Two confirmed cases of the measles in Massachusetts have been identified as a resident of Framingham and a resident of Spencer who works in Framingham.
State public health officials Tuesday afternoon identified a restaurant in Framingham as a second location where the public was exposed to a confirmed case of the measles on Presidents Day weekend in addition to Trader Joe’s supermarket. Health officials have identified three Framingham exposure locations so far: Trader Joe’s, Samba restaurant, and Bose Corporation headquarters.
A public health alert from the Massachusetts Department of Public Health Tuesday afternoon warns that people may have been exposed between the hours of 5:30 and 9 p.m. at Samba restaurant along Route 9 in Framingham on Saturday, Feb. 15. The restaurant is a little more than a mile from the the Trader Joe’s, also located on Route 9, which was the first site of potential exposure identified yesterday.
The Framingham resident went to Trader Joe’s on both Feb. 15 and 16 “for a significant amount of time” said Roberto Santamaria, the deputy director at the Framingham Health Department, in an interview Tuesday afternoon. Health officials are warning residents to be wary of potential exposure if they shopped at Trader Joe’s from 9 a.m. to 5 p.m. on both days.
The Framingham resident also visited Samba restaurant for dinner on Feb. 15, but Santamaria said the exposure was minimal and only affected restaurant employees who came into direct contact with the infected individual.
Once the Framingham health department was aware that an exposure had occurred at Trader Joe’s and Samba restaurant on Friday, Feb. 21, officials notified managers of both businesses and displayed physical notices, he said.
Santamaria said that the Spencer resident only went to work at Bose Corporation in Framingham during the four days he or she was infectious.
State health officials notified Framingham Health Department of the confirmed cases on Friday, Feb. 21, according to an official release from the town health department on Tuesday afternoon. In terms of timeline of the disease, that’s more than four days after the public was potentially exposed. Vaccination clinics were held at Trader Joe’s on Feb. 22 and Feb. 24.
“Once it’s exhaled, the measles virus can remain suspended in the air for up to two hours,” said Dr. Deborah Yokoe, the medical director for infection control at Brigham and Women’s hospital in Boston, in an email exchange Tuesday. “Beyond that two-hour period, there is no remaining risk, and there are no steps that need to be taken to clean the environment.”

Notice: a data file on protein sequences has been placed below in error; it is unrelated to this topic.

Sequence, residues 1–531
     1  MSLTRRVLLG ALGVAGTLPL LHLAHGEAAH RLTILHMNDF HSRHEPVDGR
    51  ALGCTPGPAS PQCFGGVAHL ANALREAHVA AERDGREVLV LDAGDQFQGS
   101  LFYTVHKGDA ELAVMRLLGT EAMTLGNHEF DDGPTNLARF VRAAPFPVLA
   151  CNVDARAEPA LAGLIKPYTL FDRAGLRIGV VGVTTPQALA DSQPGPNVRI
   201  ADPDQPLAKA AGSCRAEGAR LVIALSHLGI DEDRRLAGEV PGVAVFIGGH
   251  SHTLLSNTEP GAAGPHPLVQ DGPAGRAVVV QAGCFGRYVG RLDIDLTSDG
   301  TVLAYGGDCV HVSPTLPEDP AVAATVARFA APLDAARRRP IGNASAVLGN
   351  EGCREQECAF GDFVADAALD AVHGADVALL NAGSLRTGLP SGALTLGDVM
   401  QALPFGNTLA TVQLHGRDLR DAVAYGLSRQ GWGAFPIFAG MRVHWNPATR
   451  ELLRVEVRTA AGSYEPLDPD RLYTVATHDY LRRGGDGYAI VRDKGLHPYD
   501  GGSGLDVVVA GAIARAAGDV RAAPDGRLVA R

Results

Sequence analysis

The measles is a highly contagious disease, but as previously reported, most people in the United States are immune to the measles because they either have had the measles-mumps-rubella (MMR) vaccine, or they were born before 1957 and have developed immunity over their lifetime.
“It’s very contagious, but the vaccine is also very effective,” said Dr. Greg Wallace, an infectious disease expert at the Centers for Disease Control and Prevention in a phone interview Tuesday. “For those of us who are vaccinated, the exposure is not really a concern, but if you haven’t been vaccinated and are exposed, it’s very contagious.”
Unfortunately vaccination against the measles, usually given in the two-shot MMR vaccine, is only effective at preventing the measles up to 72 hours after an individual is exposed, said Wallace.
Since the exposure occurred more than nine days ago, this is the time when those exposed to the measles might start to display symptoms such as fever, cough, runny nose, and red eyes.
“If you were exposed, and have started to show symptoms, contact healthcare provider or health department,” said Dr. Wallace. “You should not go to emergency room or waiting room. Instead, call ahead and they can make arrangements to meet you.”
At this point, it’s really about tracing the locations of the potential exposure to the measles and containing confirmed cases so that more exposures do not occur, said Dr. Wallace.
The Framingham health department is holding a vaccination clinic at Samba restaurant Tuesday evening at 5 p.m.Chelsea Rice is a health content producer for Boston.com. Email her at firstname.lastname@example.org. Follow her on Twitter @ChelseaRice.